"For example, banks and other financial institutions provide information returns [Forms 1099] to account holders and the IRS showing the taxpayer's annual income from some types of investments," Brostek said. "Similarly, most wages, salaries and tip compensation are reported by employers to employees and the IRS through Form W-2. Preliminary findings from [the National Research Program] indicate that more than 98.5 percent of these types of income are accurately reported on individual returns."

Brostek suggested the following as areas where additional withholding or information reporting requirements could serve to improve compliance:

* Require tax withholding and more or better information-return reporting by organizations that make payments to independent contractors for services provided.

* Require information-return reporting on payments made to corporations for services provided.

* Require that information returns dealing with capital gain income report the purchase price, or other cost basis data, as well as the sales price for stocks and bonds.

"Such additional requirements generally impose costs and burdens on the businesses that must implement them," he said. "However, continued examination of opportunities to expand information reporting and tax withholding has the potential to increase the transparency of the tax system and the level of compliance."

Looking for answers

A lasting solution to the tax gap will take a considerable amount of time and resources.

"Confronting the nation's long-term fiscal challenge will require nothing less than a fundamental review, re-examination and reprioritization of all major spending and tax policies and programs that may take a generation or more to resolve," Brostek said.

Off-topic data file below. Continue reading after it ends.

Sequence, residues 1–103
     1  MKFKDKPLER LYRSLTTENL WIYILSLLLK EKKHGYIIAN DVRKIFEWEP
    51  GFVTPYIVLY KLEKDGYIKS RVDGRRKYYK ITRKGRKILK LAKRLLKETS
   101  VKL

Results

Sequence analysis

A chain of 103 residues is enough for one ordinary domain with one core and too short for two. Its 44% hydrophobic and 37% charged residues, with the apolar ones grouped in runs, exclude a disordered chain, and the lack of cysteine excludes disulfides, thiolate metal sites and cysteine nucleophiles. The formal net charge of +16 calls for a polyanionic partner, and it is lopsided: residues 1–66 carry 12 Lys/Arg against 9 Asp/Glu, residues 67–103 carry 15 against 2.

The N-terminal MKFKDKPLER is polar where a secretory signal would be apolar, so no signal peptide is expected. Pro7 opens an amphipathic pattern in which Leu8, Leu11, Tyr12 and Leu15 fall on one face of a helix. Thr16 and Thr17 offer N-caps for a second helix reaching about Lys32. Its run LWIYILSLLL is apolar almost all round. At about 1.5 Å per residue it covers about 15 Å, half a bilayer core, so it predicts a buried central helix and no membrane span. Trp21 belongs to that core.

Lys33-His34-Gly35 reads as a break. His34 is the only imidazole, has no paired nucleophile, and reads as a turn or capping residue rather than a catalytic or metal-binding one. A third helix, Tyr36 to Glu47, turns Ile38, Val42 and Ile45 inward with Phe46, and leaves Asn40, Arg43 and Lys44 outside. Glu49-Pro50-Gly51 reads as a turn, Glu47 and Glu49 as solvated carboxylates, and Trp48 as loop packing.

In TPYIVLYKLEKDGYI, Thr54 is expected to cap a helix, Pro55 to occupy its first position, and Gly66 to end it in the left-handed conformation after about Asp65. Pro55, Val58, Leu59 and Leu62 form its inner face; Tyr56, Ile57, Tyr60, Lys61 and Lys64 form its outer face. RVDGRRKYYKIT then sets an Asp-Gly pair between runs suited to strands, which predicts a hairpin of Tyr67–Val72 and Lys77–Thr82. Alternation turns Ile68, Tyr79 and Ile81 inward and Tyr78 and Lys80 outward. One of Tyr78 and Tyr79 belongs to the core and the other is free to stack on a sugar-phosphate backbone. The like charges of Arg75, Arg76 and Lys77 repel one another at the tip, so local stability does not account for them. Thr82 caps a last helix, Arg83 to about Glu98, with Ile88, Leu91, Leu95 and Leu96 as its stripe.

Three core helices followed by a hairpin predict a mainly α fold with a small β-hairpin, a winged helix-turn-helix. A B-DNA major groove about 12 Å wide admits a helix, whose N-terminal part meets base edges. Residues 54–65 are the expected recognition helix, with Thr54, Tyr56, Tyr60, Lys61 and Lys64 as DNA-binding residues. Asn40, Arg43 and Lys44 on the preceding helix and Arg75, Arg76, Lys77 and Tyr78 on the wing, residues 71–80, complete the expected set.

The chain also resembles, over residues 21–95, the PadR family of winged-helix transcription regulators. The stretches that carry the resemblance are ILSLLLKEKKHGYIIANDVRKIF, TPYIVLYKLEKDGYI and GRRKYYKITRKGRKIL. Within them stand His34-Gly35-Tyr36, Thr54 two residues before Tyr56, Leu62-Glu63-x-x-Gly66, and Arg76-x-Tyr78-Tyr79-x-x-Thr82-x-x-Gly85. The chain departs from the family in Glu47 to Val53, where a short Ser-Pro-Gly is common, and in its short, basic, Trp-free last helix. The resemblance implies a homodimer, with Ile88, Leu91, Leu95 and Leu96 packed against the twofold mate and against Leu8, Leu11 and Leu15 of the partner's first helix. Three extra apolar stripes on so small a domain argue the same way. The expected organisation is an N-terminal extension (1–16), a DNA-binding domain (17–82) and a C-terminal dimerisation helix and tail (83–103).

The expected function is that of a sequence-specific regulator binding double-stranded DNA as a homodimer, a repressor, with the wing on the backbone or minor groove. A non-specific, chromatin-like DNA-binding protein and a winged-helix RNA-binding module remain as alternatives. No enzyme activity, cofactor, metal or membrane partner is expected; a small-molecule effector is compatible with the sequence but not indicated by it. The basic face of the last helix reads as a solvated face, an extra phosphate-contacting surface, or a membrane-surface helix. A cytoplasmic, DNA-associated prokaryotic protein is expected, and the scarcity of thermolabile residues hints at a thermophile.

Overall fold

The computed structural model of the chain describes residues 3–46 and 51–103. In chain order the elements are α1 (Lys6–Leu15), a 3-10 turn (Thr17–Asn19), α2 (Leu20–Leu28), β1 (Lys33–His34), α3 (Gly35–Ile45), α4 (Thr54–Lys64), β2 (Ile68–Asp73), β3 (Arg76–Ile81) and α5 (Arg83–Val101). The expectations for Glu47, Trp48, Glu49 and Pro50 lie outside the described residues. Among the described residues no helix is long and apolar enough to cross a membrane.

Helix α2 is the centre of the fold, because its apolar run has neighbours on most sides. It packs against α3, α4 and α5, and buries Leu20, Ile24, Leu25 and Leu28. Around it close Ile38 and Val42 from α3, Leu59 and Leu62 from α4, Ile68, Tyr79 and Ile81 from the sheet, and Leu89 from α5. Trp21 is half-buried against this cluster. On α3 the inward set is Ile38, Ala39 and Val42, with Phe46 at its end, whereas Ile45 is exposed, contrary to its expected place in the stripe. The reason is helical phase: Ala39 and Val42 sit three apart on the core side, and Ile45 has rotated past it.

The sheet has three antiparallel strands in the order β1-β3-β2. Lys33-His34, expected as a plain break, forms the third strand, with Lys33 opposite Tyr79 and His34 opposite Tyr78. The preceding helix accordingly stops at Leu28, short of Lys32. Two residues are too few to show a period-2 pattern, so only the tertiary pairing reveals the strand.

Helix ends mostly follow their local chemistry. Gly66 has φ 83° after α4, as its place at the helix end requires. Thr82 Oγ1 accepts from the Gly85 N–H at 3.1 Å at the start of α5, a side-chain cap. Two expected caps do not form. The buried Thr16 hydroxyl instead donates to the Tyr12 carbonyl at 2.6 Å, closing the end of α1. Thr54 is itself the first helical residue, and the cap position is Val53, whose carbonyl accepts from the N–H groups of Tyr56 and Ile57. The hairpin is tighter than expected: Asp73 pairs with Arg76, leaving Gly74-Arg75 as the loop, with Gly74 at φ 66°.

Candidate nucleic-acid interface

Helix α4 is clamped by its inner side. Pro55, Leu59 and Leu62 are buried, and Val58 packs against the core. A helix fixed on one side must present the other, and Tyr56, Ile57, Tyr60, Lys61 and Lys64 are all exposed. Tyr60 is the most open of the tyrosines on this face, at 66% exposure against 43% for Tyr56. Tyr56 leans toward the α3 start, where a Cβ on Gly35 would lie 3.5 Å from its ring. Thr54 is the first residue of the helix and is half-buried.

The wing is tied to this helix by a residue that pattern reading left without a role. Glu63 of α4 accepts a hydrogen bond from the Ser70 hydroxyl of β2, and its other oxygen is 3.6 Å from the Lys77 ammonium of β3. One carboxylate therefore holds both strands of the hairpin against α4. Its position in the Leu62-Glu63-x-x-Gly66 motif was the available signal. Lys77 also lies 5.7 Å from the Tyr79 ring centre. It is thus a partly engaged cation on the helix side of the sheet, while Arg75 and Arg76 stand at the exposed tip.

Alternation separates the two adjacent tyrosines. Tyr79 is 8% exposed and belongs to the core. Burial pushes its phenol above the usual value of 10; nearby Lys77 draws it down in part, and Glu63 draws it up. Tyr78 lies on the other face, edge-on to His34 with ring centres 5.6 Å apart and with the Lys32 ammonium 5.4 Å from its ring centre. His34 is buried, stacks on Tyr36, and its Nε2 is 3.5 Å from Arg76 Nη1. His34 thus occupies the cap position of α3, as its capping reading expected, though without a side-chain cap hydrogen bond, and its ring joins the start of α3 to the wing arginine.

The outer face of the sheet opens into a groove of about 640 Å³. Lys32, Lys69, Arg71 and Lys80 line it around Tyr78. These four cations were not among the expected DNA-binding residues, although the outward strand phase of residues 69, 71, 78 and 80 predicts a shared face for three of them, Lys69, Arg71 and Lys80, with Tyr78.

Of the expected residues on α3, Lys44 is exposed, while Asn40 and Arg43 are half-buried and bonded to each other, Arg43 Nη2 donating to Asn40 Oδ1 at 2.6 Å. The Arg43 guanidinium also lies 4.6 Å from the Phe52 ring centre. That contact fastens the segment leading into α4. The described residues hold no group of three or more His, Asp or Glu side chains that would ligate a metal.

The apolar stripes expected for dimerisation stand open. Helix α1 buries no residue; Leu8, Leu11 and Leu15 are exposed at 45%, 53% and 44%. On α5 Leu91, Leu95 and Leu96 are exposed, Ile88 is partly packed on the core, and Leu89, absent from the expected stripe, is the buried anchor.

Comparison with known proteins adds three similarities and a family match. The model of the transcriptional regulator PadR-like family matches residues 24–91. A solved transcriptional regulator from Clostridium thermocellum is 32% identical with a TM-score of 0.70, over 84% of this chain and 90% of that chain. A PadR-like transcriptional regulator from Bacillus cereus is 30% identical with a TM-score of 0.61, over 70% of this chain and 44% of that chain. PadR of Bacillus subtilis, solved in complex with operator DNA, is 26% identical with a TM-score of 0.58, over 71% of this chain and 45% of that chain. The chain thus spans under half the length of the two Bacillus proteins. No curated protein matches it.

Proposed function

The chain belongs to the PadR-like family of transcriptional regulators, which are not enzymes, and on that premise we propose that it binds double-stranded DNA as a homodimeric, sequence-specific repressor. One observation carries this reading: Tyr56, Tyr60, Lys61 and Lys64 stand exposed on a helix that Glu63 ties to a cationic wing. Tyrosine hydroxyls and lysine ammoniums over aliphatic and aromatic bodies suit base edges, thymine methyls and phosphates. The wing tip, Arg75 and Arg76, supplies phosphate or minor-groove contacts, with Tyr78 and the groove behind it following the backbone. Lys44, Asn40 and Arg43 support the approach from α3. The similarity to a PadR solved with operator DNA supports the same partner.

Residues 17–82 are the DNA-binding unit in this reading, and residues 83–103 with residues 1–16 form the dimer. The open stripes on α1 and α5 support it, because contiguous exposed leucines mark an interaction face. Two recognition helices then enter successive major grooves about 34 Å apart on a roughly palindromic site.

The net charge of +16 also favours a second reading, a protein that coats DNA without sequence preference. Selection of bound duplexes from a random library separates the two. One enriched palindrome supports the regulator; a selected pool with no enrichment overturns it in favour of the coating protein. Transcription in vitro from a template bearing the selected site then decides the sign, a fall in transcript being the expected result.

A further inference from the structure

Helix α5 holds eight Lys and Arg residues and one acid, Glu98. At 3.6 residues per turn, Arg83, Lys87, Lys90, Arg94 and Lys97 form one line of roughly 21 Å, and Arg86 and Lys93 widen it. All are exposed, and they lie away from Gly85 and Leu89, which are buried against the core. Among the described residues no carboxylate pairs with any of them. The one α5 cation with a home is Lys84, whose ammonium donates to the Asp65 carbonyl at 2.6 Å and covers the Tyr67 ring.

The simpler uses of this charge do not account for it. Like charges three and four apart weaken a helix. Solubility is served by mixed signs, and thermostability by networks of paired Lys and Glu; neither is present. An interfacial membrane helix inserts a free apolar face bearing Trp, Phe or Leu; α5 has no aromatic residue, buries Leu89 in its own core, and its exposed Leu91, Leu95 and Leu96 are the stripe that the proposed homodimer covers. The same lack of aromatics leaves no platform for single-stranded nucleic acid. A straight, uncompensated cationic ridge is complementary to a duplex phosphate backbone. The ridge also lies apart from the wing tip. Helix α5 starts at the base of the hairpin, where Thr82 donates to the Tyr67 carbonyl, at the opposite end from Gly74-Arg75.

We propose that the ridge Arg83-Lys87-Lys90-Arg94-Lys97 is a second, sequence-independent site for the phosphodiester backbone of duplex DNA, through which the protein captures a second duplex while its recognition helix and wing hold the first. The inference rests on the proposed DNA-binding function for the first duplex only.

But failure to address the problems inherent in the tax gap will pose a threat to our economy, our standard of living, and ultimately our national security, he told the subcommittee.

"Our current path also will increasingly constrain our ability to address emerging and unexpected budgetary needs and increase the burdens that will be faced by our children, grandchildren and future generations. While our long-term fiscal imbalance cannot be eliminated with a single strategy, reducing the tax gap should be one part of a broader effort to repair the nation's fiscal health," he said.

The president of the National Treasury Employees Union, Colleen M. Kelley, told the subcommittee that if the IRS wants to close the nation's tax gap, it needs more employees on the front lines of both tax compliance and enforcement.

"Rather than move forward with its plans to drastically cut customer service in order to expand its enforcement role, the IRS needs to strike a balance between offering adequate opportunities for taxpayers to voluntarily comply and enforcing the tax code," she said.

"Effective customer service is one-half of the compliance equation," she told the subcommittee. The IRS "must not be allowed to slash customer service this year, or next, for the sake of bolstering enforcement."

Meanwhile, there are those who believe that the idea of a tax gap is not a bona fide issue.

"To some extent, the tax gap has always been an artificial concept, because the calculations to reduce it always exclude the negative dynamic effects of any new collections devices," said George Pieler, former tax counsel to the Senate Finance Committee.

"The tax gap, at least to some extent, is an artifact of the complexity of the tax code, and the best way to reduce it is to reduce tax rates and special tax breaks, credits and exemptions, which allow people to game the system."